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The lakes get protection Great Lakes Compact at last is signed, opening the next stage of stewardship

New York and nine of its closest friends have made a promise to one another that they will preserve, protect and defend the precious treasure that they either will hold in common or lose together.

It now falls to those partners to follow through with specific plans to protect the Great Lakes, that repository of bounty that sustains both the natural world and the economic life of its bordering states and provinces.

The five lakes may look inexhaustible to the normal eye. But, with so much of the world running short of fresh water, a since-defunct 1998 plan to ship hundreds of millions of gallons of Lake Superior water to thirsty customers in Asia was enough to frighten the affected states into doing something.

OK. So a 10-year turnaround doesn't exactly qualify as springing into action. But these things are delicate political challenges, because they must begin with discussions among eight states and two Canadian provinces, wend their way through all 10 legislative bodies, thence to Congress and, finally, to the desk of President Bush, who signed the Great Lakes Compact last week.

The lakes compact was a bottom-up process. It was approved by Congress and the president, as the Constitution requires for any multistate agreement, but not imposed by them. (Canada's looser form of federalism did not require central government approval for the participation of Ontario and Quebec.) That has both good qualities and bad.

The good part is that the compact was concluded only by governments -- New York, Pennsylvania, Ohio, Illinois, Indiana, Minnesota, Wisconsin and Michigan -- that share the need to preserve the water that resides in the lakes -- Ontario, Erie, Huron, Superior and Michigan -- and their connecting waterways. No deals needed to be struck, no loopholes necessarily carved, for the inclusion of Sun Belt states or Western provinces that might want a, well, leakier arrangement.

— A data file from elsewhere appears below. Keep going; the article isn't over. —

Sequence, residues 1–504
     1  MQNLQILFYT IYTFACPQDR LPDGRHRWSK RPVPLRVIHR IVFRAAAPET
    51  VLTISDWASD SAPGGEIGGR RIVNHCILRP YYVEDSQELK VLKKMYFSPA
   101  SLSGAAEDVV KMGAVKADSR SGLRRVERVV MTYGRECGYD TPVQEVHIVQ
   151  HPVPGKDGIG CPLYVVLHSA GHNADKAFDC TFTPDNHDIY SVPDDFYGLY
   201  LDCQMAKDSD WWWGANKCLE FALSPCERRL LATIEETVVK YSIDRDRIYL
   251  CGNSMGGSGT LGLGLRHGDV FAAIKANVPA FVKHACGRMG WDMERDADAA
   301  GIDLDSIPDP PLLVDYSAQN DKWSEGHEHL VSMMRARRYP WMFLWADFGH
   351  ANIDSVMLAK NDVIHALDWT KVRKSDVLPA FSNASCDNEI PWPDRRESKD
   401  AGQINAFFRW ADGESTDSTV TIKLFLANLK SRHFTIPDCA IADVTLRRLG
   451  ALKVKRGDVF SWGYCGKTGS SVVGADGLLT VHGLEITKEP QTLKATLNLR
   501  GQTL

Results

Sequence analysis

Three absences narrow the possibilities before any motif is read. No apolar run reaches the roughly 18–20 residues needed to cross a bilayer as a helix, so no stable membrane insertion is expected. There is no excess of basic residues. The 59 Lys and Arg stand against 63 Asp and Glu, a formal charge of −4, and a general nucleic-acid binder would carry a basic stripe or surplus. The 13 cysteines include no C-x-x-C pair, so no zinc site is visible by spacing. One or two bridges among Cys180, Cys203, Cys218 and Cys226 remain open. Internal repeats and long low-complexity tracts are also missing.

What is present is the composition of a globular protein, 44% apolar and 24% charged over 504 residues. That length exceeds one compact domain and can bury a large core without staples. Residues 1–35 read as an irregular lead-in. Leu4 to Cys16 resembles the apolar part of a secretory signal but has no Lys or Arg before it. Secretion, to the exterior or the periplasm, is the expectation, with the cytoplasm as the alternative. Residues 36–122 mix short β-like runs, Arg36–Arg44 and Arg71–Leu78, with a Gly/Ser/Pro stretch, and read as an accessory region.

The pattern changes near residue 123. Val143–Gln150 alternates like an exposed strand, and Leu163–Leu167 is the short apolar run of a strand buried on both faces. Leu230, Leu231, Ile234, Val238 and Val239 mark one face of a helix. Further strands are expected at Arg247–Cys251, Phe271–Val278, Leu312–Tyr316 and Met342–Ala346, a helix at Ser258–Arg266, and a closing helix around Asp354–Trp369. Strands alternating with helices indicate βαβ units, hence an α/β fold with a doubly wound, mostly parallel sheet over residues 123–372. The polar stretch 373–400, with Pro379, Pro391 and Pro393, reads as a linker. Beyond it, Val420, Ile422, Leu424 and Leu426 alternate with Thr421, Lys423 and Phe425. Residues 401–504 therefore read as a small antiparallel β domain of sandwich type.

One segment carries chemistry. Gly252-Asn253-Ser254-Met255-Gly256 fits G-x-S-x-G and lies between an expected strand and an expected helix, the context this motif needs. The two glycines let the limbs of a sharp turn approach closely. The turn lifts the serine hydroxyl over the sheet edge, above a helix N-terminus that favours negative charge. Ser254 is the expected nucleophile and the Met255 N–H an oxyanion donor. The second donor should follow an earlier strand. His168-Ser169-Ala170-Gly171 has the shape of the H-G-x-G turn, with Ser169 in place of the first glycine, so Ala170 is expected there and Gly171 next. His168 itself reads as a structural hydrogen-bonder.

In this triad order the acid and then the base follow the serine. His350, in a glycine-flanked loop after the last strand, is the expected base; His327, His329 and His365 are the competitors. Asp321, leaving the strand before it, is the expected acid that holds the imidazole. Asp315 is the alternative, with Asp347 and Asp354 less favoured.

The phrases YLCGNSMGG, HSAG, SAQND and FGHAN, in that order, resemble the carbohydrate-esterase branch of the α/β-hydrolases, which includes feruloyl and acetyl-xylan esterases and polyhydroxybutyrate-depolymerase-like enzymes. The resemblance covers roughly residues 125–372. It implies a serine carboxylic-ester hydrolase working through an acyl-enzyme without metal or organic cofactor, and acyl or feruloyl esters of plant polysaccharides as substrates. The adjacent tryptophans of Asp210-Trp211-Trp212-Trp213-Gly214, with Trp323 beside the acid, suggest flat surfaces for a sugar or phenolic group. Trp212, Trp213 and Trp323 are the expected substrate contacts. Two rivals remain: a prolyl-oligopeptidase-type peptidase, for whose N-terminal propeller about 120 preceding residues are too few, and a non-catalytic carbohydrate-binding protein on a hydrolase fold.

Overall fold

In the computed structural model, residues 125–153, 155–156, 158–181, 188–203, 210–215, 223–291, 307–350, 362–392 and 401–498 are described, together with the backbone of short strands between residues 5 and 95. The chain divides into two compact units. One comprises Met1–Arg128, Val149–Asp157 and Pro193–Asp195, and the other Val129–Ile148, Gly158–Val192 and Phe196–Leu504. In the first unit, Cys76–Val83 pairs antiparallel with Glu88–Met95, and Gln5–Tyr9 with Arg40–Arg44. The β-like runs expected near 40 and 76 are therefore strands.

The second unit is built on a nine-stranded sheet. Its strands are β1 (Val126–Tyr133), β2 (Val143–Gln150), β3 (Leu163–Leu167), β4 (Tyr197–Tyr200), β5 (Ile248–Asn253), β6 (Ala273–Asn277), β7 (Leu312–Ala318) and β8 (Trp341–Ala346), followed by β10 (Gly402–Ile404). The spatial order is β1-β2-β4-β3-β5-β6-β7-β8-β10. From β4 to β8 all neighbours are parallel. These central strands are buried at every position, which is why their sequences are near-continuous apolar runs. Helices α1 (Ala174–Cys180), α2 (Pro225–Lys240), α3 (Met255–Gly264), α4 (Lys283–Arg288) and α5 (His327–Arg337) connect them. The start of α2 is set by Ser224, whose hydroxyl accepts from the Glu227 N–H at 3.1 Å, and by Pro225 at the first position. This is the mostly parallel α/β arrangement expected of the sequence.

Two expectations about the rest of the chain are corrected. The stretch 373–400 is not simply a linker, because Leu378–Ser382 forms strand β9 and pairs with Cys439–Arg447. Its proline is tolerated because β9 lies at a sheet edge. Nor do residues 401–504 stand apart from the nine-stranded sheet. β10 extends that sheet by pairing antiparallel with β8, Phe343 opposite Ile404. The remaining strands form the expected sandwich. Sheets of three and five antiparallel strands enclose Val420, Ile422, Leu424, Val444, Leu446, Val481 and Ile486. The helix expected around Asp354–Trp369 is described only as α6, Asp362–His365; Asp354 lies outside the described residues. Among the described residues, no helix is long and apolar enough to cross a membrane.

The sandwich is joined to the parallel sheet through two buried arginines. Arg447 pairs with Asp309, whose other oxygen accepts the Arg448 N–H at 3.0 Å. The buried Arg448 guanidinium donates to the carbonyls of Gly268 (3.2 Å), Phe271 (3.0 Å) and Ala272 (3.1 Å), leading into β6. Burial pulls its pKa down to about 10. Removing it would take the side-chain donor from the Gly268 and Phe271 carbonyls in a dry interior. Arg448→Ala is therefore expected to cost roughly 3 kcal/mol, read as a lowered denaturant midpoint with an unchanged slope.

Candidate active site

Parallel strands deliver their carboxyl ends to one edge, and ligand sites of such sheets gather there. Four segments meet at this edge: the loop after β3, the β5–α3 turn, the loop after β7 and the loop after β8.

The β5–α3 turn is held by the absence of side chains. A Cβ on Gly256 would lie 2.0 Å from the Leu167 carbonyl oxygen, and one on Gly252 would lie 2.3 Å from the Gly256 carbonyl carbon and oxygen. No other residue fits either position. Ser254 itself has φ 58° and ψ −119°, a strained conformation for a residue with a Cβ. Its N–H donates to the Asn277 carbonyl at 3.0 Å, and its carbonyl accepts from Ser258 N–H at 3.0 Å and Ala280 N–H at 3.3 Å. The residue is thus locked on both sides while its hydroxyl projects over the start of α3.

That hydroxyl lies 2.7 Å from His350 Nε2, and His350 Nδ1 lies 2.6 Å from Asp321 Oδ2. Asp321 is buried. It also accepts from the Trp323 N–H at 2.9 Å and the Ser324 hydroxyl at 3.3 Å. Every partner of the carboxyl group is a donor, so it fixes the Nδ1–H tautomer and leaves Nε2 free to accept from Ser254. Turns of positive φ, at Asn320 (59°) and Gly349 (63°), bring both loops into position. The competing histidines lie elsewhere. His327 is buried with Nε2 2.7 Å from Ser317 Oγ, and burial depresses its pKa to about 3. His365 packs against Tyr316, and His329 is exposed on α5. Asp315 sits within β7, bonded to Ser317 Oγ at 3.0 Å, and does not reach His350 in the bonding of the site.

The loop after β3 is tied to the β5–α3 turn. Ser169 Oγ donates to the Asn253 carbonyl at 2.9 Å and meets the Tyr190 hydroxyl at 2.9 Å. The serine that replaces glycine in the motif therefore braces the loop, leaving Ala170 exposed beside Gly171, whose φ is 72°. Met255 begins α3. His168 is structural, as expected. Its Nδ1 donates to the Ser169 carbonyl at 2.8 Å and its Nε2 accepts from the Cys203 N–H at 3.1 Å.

The bad part is, or might be, that the compact will primarily rely on the partners themselves for its observance and enforcement. Though standards are set and means of mediation and even judicial appeal are included in the compact, success will continue to rely on all 10 governments doing their part and keeping their promises.

The first part of keeping those promises falls to New York and each of the other signatories. They need to develop specific plans for the conservation and efficient use of all the water in the Great Lakes Basin.

In New York, the job falls particularly to the Department of Environmental Conservation, which has until the end of this year to report to the Legislature on what actions, administrative and legislative, must be taken to begin implementation of the agreement.

By December 2009, all members are required to have their individual plans for meeting their common goal considered and adopted by the Great Lakes Council of Governors. After that, the plans are to be updated every five years, and any changes approved by unanimous vote.

All members of the compact have a common interest in preserving the Great Lakes as what will be, properly protected, an inexhaustible source of sustenance for living things and lively commerce. Each state, and each citizen, has an interest in seeing to it that the work is done. And, despite the long road to last week's celebration-worthy success, there is indeed still work to be done.

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